For those that would prefer it, there is an audio track of this blog post. Don’t forget after listening to skip to the end of this post to play the recording of the Carol.


This is the third of these Christmas Carol blog posts, and I have become aware of how significant the emotional/nostalgic connection is when singing Carols. These are songs that can have quite an impact on us.

Being aware of that nostalgia can take us in one of two directions.

It can help enhance our wonder at the Christmas message
maybe in some cases it detracts from worship.

When that emotional connection is distracting you, you maybe need to think again about the words you are singing and the biblical content they contain.

A personal comment

In my case, the magnificent words and stirring tune of Hark the Herald Angels Sing, play a significant part enhancing it as I sing.

O Holy Night, I am not as moved by but then I didn’t actually know the carol in my first few decades. The English version was initially more common in America and has only become popular here relatively recently. It was only about two or three years ago that I sang it for the first time.

O Come All Ye Faithful, the carol we are looking at today, is again one that I remember from childhood.

I have particularly strong memories from the time at my secondary school carol concerts. On those occasions we always sang it in Latin. I rather enjoyed that, and still would if I had opportunity to do so where it wouldn’t disturb people around me. I find the Latin is quite simple and I can pretty well still understand it!

So lets look at it . . .

A Bit of History:

It isn’t entirely certain who wrote this carol, or when.

Because it was originally written in Latin, I had assumed that meant it was fairly old – at least mediaeval – but that isn’t so.

It was first published in 1751, by John Francis Wade. He is often quoted as the author of the Latin version, although there are also other suggestions from around 100 years earlier.

In any case, the familiar English translation, the one with 4 verses, dates from 1852 by Frederick Oakley.

Various authors added more verses to the original four, and some of them have English translations, but they are not sung as often.

Many different composers have been said to write the tune so we do not really know who actually did.

O Come all ye Faithful …

So, what Bible themes can we point out?

O come, all ye faithful, joyful and triumphant!
O come ye, O come ye to Bethlehem;
Come and behold him
Born the King of Angels:
O come, let us adore Him, (3×)
Christ the Lord.

Bethlehem in the second line is the first pointer that we are – if you hadn’t already guessed – singing about the birth of Jesus.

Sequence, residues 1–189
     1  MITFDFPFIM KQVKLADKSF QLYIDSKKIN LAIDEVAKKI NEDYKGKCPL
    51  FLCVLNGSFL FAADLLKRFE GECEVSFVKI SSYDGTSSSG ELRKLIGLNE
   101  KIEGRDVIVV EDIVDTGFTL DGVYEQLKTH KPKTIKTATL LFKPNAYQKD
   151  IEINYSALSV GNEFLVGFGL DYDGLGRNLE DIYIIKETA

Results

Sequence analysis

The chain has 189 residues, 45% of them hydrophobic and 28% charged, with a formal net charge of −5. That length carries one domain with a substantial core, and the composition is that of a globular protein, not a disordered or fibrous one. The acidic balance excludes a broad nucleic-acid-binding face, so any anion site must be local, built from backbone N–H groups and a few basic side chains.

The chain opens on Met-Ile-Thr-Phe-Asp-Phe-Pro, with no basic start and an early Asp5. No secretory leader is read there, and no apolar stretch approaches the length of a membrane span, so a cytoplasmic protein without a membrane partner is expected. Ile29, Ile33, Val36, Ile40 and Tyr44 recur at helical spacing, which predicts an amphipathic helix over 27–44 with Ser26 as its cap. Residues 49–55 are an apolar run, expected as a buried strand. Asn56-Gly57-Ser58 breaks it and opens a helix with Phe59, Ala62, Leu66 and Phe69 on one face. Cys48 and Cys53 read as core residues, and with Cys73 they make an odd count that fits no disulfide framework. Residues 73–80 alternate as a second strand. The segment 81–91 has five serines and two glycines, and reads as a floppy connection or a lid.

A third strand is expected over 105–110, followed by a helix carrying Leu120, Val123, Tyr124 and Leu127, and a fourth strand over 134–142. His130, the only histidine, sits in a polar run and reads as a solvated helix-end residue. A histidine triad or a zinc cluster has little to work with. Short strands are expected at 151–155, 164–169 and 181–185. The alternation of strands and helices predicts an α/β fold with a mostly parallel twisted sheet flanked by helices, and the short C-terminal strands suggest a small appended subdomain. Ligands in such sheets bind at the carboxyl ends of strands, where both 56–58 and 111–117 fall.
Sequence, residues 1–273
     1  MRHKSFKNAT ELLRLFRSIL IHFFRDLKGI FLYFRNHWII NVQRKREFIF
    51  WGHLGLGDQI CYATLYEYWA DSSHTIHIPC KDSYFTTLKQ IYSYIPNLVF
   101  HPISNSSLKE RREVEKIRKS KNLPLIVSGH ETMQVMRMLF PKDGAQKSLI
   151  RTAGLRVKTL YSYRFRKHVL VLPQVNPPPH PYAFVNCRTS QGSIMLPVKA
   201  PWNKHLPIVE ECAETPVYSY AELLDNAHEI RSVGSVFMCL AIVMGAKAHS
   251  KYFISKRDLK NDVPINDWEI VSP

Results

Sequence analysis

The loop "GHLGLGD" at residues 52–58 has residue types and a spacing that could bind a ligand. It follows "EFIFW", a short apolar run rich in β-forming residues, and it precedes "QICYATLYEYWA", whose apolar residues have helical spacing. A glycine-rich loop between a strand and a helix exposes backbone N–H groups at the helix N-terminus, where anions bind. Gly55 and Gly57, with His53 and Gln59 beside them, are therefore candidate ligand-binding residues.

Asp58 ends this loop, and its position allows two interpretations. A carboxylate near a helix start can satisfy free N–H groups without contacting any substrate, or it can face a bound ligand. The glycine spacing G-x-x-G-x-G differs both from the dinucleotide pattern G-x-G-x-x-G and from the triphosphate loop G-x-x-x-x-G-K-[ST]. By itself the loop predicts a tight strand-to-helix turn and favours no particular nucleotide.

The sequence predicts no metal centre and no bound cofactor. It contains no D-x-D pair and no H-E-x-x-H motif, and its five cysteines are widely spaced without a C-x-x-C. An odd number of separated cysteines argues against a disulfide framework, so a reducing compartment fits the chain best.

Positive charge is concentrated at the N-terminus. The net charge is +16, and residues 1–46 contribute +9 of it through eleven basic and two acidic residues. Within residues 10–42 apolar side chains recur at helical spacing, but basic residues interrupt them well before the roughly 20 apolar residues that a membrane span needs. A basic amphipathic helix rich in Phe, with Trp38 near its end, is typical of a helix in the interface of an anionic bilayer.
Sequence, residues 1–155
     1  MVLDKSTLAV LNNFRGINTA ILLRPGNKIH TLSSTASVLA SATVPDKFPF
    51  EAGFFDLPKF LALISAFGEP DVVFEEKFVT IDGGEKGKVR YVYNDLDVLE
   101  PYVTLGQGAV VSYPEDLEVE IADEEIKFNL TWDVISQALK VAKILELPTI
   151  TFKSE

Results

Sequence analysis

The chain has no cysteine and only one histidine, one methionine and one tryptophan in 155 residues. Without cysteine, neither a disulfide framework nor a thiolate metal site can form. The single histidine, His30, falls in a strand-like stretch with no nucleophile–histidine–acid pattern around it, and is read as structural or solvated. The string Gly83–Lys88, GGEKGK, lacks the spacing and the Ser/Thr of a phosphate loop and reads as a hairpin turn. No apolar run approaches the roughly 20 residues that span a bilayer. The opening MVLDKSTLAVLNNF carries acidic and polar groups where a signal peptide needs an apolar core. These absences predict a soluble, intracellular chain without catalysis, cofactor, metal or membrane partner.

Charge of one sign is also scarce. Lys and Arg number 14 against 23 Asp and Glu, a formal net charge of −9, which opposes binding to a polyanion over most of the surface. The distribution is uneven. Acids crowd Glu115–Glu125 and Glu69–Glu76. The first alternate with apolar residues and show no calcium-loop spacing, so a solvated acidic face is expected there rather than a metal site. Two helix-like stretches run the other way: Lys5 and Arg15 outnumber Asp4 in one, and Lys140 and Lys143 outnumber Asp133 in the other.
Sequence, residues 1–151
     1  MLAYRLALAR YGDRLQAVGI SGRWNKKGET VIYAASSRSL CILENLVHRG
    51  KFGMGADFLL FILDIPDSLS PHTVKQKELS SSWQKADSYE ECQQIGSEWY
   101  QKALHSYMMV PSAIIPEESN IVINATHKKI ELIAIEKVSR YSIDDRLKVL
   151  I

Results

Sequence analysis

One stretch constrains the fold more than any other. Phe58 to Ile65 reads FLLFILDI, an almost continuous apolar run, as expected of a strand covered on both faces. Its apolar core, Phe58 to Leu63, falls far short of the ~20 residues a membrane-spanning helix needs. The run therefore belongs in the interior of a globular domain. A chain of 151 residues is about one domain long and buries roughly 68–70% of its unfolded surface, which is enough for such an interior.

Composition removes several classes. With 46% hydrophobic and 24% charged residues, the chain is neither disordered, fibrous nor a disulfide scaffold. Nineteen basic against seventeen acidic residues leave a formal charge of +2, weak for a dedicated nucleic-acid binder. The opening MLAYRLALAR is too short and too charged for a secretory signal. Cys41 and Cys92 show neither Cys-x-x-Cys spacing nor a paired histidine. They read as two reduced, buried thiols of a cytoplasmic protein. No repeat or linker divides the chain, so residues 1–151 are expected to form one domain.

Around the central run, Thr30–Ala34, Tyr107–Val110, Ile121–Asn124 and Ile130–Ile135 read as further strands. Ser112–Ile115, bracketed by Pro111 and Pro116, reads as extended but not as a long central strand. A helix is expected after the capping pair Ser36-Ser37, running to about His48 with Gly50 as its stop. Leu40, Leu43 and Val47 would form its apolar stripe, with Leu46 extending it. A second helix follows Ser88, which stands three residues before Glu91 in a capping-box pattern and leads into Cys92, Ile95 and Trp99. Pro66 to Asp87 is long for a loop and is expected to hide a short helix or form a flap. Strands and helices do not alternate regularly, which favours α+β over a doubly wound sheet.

So Joseph also went up from the town of Nazareth in Galilee to Judea, to Bethlehem the town of David, because he belonged to the house and line of David.

Luke 2:4

But you, Bethlehem, in the land of Judah, are by no means least among the rulers of Judah; for out of you will come a ruler who will shepherd my people Israel.

Matthew 2:6, quoting Micah 5

Then “Born the King of angels”.
Be careful how you read this line. Don’t read it as though Jesus became the king of angels at his birth.
Rather read it to say, even though he was the king of angels, he was born.
My translation of those two lines would be more like “See him born, the King of the angels”.

“Let all God’s angels worship him.”

Hebrews 1:6

The key word of this verse is clearly Come – mentioned seven times.

There are too many Bible references of this theme to mention more than one

“Come to Me, all who are weary and heavy-laden, and I will give you rest.”

Matthew 11:28

This Christmas, sing the carols with joy but don’t miss out coming to Jesus.

God of God, light of light,
Lo, he abhors not the Virgin’s womb;
Very God, begotten, not created:
O come, let us adore Him, (3×)
Christ the Lord.

This second verse feels a bit more theological.

It picks up thoughts from

  • John 1 – it references to God, and Light, and that he was with God in the beginning
  • Philippians 2 – he humbled himself to be born as a baby, he was equal with God.
    Note that the word Very here means Truly. So – even more reasons to come and adore him!

Sing, choirs of angels, sing in exultation,
Sing, all ye citizens of Heaven above!
Glory to God, glory in the highest:
O come, let us adore Him, (3×)
Christ the Lord.

In verse three we are back in Luke 2, perhaps, with choirs of angels singing “Glory to God in the highest heaven”

Actually, the word sing doesn’t appear in Luke 2, but can you imagine being in a huge crowd praising God and NOT singing? (although in Covid 2020 that thought is a bit of an issue)

I am also reminded of the verse in Revelation

“Then I looked and heard the voice of many angels, numbering thousands upon thousands, and ten thousand times ten thousand.”

Revelation 5:11

That would be something to hear, but maybe when we get to heaven the angels’ voices will be drowned out by the singing of the ransomed church?

Yea, Lord, we greet thee, born this happy morning;
Jesus, to thee be glory given!
Word of the Father, now in flesh appearing!
O come, let us adore Him, (3×)
Christ the Lord.

The last verse used to be reserved for Christmas Day but that tradition seems to have pretty much gone. Maybe there is more recognition that Jesus probably wasn’t born on 25th December, or perhaps it is just not wanting to miss out on a good verse.

I think the author’s inspiration came from John 1.

The Word became flesh and made his dwelling among us. We have seen his glory, the glory of the one and only Son, who came from the Father, full of grace and truth.

John 1:14

This Christmas come and adore the Lord of Glory, the Baby in Bethlehem, the King of Heaven!